brain was sometimes taken for tenderness
of the. heart. He quoted the conclusion
of Raymond's speoch, where he spoke of
the rebel dead lying with our own, and
being the nation's forevermoro. Mr. Ste?
vens said the gentleman had spoken of
theTebel dead with our own dead, who
gave up their lives at Gettysburg and the
kindred fields of tho war. Instead of
leaving them to rot in their dishonored
graves, unwept and unsung, they are to
be resurrected to the front ranks of tho
nation, and monuments erected to their
' He deemed such talk on the part of
the gentleman as simply blasphemy, and
if the spirits of tho dead could burst the
ceremonts of the tomb and stalk from
their graves, wrapped in their bloody
shrouds, they would rebuke the gentle?
man for such blasphemy until his eye-balls
Mr. Raymond said that ho spoke only
of the courage of the robol soldiers, and
did not claim them as with the loyal dead.
Loud cries of "question," "question,"
camo from all parts'of the hah. The
House then proceeded to vote.
Mr. Schenck offered hfc amendment
basing apportionment on votes, as a sub?
stitute. It was not agread to?yeas 38}
The House then passed, by the requi?
site two-thirds voto, tho constitutional
amendment just as it came this morning
from the Reconstruction Committee, and
given above in full. The yeas were 120,
and the nays 46.
A Strange Case
A case of unusual interest, says the
Chicago Times, was heard at the Police
Court yesterday. After a number of or?
dinary criminal trials had been examined
and disposod of, as the merits of the tes?
timony against them demanded, tho clerk
called out the name of Sarah Davis,
when, after a pause of a few minutes, a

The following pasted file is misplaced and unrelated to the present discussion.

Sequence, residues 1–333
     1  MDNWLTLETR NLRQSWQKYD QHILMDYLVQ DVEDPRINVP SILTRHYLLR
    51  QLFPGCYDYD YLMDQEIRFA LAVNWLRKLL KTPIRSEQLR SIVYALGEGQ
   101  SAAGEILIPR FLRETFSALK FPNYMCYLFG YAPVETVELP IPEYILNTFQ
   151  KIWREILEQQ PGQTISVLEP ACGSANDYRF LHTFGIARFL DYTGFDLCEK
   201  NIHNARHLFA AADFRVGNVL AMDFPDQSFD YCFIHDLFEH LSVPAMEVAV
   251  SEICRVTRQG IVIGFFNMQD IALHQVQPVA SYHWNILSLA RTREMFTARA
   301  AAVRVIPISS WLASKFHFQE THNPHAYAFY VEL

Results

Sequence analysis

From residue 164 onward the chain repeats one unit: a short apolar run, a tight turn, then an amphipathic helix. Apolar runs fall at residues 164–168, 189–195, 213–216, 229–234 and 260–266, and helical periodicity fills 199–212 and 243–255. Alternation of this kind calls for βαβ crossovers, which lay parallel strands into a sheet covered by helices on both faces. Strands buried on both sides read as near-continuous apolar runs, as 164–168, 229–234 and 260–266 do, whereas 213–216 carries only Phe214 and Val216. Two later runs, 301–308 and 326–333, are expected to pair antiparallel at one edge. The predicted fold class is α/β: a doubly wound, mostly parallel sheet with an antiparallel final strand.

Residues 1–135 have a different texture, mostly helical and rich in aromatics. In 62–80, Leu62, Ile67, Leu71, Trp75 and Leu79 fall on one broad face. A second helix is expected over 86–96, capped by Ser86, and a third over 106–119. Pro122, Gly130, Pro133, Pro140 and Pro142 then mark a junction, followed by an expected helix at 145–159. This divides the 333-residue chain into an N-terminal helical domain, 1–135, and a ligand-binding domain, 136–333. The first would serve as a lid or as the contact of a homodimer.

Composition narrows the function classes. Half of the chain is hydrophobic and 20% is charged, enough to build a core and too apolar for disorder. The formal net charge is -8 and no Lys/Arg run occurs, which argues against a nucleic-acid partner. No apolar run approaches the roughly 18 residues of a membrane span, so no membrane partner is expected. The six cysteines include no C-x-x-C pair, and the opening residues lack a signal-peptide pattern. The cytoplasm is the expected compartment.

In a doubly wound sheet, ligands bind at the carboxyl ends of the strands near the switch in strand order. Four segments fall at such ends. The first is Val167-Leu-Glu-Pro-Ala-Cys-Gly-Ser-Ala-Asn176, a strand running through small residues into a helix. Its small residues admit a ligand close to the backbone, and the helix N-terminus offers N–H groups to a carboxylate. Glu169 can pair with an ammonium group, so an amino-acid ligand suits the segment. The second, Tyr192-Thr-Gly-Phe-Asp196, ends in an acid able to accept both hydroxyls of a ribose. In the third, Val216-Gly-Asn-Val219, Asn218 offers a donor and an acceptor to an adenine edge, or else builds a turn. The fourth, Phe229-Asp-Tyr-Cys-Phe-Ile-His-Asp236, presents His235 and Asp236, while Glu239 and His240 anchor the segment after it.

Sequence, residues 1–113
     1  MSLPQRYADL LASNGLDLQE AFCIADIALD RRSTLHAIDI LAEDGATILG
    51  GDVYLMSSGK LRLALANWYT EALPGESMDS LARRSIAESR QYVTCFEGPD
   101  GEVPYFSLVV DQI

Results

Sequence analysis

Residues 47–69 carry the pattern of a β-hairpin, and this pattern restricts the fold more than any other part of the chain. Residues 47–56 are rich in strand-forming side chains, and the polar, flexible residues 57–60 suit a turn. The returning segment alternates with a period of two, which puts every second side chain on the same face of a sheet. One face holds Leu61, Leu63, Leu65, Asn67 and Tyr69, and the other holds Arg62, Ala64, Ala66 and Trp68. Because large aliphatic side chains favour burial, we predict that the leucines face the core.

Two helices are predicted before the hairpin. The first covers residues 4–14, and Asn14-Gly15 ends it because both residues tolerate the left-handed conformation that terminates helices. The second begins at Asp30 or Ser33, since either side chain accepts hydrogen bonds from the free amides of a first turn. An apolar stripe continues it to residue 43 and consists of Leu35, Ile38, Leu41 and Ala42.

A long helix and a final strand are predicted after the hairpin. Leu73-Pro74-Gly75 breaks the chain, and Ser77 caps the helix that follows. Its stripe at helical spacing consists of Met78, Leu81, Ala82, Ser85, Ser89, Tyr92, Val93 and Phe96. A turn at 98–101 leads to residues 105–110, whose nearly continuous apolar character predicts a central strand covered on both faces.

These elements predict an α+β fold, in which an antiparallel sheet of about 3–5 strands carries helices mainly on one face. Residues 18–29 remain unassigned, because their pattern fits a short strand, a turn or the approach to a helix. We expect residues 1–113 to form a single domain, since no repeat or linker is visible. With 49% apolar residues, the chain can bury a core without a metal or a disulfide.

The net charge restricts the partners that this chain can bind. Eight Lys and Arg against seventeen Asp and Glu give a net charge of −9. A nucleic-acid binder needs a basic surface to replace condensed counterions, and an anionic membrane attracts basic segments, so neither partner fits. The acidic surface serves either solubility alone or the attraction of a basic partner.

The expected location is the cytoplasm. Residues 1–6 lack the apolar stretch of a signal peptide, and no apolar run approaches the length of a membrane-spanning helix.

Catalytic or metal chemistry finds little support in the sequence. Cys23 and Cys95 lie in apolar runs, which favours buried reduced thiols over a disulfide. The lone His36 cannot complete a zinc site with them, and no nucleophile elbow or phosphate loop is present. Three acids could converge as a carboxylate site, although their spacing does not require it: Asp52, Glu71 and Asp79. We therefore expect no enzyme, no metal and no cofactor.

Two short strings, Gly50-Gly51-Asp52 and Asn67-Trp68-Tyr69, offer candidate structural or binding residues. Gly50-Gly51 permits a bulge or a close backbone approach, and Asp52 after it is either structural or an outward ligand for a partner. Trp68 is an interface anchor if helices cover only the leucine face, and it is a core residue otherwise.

neatly attired female about c0 years of
age advanced from tho prisoner's pen to
tho dock in front of the Judge. Sho bore
on her arm a small basket, containing a
few newspapers and several articles of
wearing apparel. About her face was an
indescribable expression of sorrow and
anxiety, such as is the result of, and is
traceable to, years of brooding grief, and
restless, wearing, wearying thought. The
sorrow that had fallen on her heart like
a blighting frost, had lain so coldly on its
pulsations that day by day her health
failed, until now it seems but the work of
a few 6hort weeks to bring her wasted
framo and unhappy life to their only hope
of rest?the grave. It seemed impossibjf.
to believe that an expression of so much
kiudncss and intelligence could belong to
a thief, and yet she stood there to answer
tho chargo of larceny.
William L. Haddock, residing at No.
144 Warren street, was called as a wit?
ness and swore that the accused frequent
ly camo to his house; and that he had
told her to stay away. Missing a small
framed pliptograph, containing tho pic?
tures of himself, his wife and children,
and a few card photographs from an al-r
bum, he suspected rightly who had takon
them, and sending an otiicor to the room
of tho accused, he recovered tho lost ar?
ticles. He statod that the photographs
cost him 810, but from their appearance
their value did not equal one-third that
Tho testimony of tho officer, on these
isolated facts, supported that of tie com?
plainant. The case appeared to be a
very clear one, when the Judge wisely
asking the accused if she had anything to
say, she at first hesitated, but upon being
asked again, spoko a few minutes, and,
in the littlo she said, there seemed to be
embodied so much of wrong, so much
grief and such unmistakable honesty that
the Judge reserved his decision.
She stated that about two years ago
William L. Maddock, the complainant,
hlti seduced her; that the fruit of their
illicit passion was'a child which Maddock
had rudely taken away from her; that
having grown exasperated'at,his unkind
ness and ill treatment, in a fit of despera-'
tion publicly cowhidod him in Illinois.
She stated that public sentiment had been
-so strongly against him in two or three
places where he had lived since he had